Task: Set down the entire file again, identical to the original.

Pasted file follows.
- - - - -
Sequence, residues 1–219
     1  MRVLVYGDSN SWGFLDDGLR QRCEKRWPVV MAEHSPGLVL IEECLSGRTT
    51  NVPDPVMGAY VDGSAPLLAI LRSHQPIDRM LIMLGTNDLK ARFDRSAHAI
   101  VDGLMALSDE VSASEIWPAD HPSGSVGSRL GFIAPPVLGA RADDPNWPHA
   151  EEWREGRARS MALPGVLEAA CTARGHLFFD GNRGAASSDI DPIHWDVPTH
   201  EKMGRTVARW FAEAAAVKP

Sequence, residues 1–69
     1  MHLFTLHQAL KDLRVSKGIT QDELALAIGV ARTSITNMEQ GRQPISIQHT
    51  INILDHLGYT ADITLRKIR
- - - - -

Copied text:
Sequence, residues 1–219
     1  MRVLVYGDSN SWGFLDDGLR QRCEKRWPVV MAEHSPGLVL IEECLSGRTT
    51  NVPDPVMGAY VDGSAPLLAI LRSHQPIDRM LIMLGTNDLK ARFDRSAHAI
   101  VDGLMALSDE VSASEIWPAD HPSGSVGSRL GFIAPPVLGA RADDPNWPHA
   151  EEWREGRARS MALPGVLEAA CTARGHLFFD GNRGAASSDI DPIHWDVPTH
   201  EKMGRTVARW FAEAAAVKP

Sequence, residues 1–69
     1  MHLFTLHQAL KDLRVSKGIT QDELALAIGV ARTSITNMEQ GRQPISIQHT
    51  INILDHLGYT ADITLRKIR